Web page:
Growing the Desert Garden

Welcome to the Desert Garden, with garden coach Tyler Storey, where we talk about everything having to do with gardening and landscaping in the Desert Southwest. From composting to Cercidium and agaves to arugula — we'll cover everything you want to know to grow your own beautiful Desert Garden.

Thursday, January 1, 2009

Winter Vegetable Watering

Assorted radishes ©Tyler Storey

In most of the Desert Garden, we're now in the coldest time of the year. Even with the warm and sunny days, the night-time temperatures still dip low and even hit freezing. We're accustomed to paying particular attention to watering the vegetable garden when the temperatures are blazing hot; when the weather is cold, it's easier to forget, but no less important.

Unwatered plants will wilt, dry up and stop growing; more slowly than in the Summer, but the results are still the same. And careful watering is a good frost-management strategy: well-watered plants tend to survive frosts more readily than dry and wilting plants, and moisture evaporating from the soil can provide a slight temperature boost on a cold Winter's night.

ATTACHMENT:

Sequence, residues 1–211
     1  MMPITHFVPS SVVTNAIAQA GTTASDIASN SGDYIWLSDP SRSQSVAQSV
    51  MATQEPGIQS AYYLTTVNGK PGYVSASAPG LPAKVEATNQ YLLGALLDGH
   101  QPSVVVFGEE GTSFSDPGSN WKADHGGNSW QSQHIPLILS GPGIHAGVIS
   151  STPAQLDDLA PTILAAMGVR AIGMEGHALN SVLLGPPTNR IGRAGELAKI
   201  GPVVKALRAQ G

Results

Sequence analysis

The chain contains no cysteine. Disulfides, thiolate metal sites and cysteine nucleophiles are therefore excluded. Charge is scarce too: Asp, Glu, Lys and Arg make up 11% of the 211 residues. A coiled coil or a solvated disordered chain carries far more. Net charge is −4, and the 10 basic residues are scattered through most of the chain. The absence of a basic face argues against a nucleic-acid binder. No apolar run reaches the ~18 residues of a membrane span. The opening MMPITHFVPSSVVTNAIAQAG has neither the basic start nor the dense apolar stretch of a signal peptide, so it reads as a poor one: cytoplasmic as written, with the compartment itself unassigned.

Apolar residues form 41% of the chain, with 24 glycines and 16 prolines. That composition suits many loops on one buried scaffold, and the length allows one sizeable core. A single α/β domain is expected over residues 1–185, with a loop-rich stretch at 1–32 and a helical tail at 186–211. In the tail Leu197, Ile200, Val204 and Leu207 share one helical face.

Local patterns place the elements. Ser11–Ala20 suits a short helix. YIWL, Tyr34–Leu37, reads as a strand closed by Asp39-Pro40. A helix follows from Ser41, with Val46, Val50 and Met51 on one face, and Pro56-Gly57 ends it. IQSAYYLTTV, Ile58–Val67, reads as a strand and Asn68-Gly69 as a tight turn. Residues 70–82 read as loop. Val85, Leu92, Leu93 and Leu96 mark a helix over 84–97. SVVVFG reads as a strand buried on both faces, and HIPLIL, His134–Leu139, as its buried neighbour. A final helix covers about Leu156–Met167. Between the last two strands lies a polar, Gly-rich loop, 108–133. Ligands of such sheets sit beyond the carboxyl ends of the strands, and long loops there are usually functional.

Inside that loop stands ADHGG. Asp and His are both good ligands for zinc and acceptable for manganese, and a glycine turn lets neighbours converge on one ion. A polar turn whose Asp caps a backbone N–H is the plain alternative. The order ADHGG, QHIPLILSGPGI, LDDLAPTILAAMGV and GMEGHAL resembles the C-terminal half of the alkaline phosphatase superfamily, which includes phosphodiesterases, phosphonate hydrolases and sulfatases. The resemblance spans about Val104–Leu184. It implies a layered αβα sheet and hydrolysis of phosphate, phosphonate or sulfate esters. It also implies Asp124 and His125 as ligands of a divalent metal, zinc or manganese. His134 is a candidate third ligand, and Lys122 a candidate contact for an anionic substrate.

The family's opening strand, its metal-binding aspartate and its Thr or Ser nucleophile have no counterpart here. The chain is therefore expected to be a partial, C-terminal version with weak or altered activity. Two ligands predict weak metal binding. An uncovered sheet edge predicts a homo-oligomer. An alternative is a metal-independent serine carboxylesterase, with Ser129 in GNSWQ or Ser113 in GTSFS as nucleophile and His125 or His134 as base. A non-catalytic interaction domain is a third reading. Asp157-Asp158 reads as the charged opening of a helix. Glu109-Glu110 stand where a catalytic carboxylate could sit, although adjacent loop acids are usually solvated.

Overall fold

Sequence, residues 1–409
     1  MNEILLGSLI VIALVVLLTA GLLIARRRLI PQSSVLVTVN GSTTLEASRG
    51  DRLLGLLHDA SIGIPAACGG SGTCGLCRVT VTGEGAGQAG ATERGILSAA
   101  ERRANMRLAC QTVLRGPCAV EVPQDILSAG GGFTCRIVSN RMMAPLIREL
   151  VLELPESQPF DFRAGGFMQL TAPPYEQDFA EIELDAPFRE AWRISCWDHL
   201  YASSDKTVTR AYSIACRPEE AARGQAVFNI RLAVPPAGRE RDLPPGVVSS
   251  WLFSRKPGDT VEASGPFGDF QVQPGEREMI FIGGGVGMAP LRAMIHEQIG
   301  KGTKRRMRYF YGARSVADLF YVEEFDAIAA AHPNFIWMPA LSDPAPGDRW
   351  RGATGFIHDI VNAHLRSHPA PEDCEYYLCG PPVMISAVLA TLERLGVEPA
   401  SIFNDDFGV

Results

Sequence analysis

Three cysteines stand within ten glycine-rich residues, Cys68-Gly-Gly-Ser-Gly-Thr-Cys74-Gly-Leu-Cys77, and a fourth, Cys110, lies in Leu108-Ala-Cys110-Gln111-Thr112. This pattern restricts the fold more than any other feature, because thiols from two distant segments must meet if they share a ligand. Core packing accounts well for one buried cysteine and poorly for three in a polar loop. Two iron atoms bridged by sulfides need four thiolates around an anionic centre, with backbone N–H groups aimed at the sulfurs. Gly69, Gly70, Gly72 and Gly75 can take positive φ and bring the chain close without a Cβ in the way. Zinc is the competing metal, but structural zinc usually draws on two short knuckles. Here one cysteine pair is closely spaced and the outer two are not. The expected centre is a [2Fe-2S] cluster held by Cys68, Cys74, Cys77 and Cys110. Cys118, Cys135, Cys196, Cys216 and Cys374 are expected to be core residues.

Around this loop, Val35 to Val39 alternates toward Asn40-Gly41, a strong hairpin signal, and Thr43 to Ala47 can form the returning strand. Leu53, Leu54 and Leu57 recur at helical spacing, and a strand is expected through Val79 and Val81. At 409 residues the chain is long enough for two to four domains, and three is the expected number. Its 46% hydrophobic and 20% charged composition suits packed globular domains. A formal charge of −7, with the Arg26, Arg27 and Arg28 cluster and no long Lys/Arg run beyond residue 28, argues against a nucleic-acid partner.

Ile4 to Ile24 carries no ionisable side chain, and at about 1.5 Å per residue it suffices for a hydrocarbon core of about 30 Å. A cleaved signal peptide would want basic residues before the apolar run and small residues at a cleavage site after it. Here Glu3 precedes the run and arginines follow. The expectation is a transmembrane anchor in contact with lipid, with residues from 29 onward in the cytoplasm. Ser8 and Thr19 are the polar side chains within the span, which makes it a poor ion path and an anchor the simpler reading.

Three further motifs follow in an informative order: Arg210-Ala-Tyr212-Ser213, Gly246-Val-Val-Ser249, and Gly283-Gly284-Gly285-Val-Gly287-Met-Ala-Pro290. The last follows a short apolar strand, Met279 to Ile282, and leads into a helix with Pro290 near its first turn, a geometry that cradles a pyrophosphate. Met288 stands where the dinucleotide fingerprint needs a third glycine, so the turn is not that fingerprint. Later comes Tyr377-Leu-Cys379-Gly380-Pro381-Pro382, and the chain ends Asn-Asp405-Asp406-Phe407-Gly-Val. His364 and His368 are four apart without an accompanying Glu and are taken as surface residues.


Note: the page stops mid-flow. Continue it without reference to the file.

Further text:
Water your vegetables as deeply as you would in the Summer (to a depth of one foot in most cases), just not as frequently. The frequency depends on a number of factors, including the soil condition, use of mulches, humidity, and daytime temperatures, so the only real way to know when to water is to get a finger down there in the soil and see if it's dry.

Many of our Winter vegetables can get a little leggy, especially if they have less than the ideal amount of sunlight, so to avoid knocking them down, always water at the base of the plants rather than overhead.

And don't forget to harvest as your plants mature; if you planted this Autumn, you should have radishes, lettuces, beets, broccoli raab, and endive ready for the table.

Tyler

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